• Australian-listed diversified services company UGL Limited’s GBP77.5m acquisition of the trading operations of UK-listed property services company DTZ; and,
  • NYSE-listed global agri-tech provider, Monsanto Company’s acquisition of Beeologics, a start-up that researches and develops biological tools for targeted pest and disease control.
“The array of blue-chip companies, geographies and industry sectors covered by these deals underscore Ogier BVI’s capabilities as a trusted advisor to international business on all types of corporate transactions,” said Ray Wearmouth, Managing Partner, Ogier BVI.

“Ogier’s involvement in these arrangements also represent the continued confidence of the global financial community in the BVI as a stable and high-quality jurisdiction for structuring multi-national transactions,” he added.

Italy's New Weapon In War On Tax Evasion


The Italian Revenue Agency’s Director, Attilio Befera, has announced that its new, revamped ‘redditometro’ – the computer data system which compares taxpayers’ income declarations with their spending habits – is now expected to be fully operational by June this year.
Befera has already pointed out that the Agency’s new ability to crosscheck taxpayers’ spending against declared incomes as the weapon that might win the government’s war on tax evasion. He has previously expressed the hope that, as taxpayers become more aware of the armoury now at the government’s disposal, they will be more willing to become tax-compliant voluntarily.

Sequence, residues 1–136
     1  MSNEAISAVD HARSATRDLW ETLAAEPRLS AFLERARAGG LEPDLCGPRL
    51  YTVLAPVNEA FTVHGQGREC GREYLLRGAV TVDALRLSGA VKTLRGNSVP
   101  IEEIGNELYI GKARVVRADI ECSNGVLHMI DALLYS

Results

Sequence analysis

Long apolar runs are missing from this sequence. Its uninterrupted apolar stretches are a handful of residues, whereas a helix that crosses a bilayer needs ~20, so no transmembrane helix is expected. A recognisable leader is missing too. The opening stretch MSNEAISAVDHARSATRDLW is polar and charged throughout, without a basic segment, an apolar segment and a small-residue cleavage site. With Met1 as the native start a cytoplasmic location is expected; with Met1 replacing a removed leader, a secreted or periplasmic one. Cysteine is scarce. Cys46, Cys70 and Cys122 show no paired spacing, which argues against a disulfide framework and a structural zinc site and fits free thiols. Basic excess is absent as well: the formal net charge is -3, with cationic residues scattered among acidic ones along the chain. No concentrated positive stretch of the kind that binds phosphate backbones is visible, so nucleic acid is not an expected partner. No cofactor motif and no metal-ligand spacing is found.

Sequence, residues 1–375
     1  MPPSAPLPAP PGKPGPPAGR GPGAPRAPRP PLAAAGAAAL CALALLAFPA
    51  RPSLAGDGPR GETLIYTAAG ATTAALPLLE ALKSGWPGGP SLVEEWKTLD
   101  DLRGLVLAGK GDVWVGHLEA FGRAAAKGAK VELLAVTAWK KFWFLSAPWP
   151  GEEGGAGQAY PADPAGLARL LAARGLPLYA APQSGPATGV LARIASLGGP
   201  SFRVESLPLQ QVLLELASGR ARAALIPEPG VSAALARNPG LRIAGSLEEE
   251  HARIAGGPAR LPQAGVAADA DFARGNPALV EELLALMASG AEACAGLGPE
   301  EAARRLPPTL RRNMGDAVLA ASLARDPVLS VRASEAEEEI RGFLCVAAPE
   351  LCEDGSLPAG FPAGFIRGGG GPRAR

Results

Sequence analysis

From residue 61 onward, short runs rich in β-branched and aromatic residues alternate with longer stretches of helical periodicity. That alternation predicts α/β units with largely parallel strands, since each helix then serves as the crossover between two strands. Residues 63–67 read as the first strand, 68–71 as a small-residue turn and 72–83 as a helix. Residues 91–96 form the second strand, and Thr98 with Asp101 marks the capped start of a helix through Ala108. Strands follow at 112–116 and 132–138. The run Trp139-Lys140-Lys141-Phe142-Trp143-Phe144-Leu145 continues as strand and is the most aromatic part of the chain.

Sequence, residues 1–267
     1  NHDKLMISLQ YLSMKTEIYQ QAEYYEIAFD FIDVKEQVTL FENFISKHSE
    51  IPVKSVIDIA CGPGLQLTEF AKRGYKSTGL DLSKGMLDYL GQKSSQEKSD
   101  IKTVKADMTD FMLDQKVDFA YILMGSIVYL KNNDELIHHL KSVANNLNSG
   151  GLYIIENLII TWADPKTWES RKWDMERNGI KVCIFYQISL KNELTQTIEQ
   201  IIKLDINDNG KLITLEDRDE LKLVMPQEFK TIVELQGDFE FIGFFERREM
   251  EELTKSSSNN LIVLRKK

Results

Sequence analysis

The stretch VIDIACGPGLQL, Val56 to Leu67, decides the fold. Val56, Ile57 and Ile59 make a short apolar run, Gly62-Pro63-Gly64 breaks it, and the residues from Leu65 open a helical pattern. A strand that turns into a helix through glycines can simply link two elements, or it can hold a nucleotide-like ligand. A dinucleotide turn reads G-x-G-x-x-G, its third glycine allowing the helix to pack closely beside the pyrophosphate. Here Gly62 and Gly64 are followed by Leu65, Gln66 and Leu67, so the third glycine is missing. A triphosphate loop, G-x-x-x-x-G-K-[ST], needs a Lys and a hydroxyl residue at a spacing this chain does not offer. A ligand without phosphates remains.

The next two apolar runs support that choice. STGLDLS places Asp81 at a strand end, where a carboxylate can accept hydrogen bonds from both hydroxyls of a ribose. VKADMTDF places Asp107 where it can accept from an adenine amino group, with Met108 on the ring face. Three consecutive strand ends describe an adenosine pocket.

The ‘redditometro’ has been long in its experimental stage, but Befera explained that, as the system needed to be “sound and easy to use”, the Agency has wanted to take the time to make sure it worked well and there would be no problem when it finally went into operation.
It will look at whether a taxpayer’s declaration of taxable income is coherent with his or her overall spending capacity, as against the previous ‘redditometro’ which was based upon the possession of certain assets, such as yachts or large cars. The new system will be able to trace individuals' expenditure in more than 100 different categories to find disparities between spending and declared incomes.

The categories of spending are divided into seven areas. For example, under the category of housing are included first and second residences, mortgages, restructuring work undertaken, and furniture purchased; while information on a taxpayer’s social security contributions and insurance policies are also collected, as are recreational pursuits and a family’s education spending.
Spending capacity is based upon actual, not estimated, expenditure, and it is said that the system will be able to compare the data of over 22m families or around 50m individuals. The system’s methodology is also able to differentiate between eleven different categories of family unit including couples or singles and families with children, together with the region of Italy in which the taxpayer resides.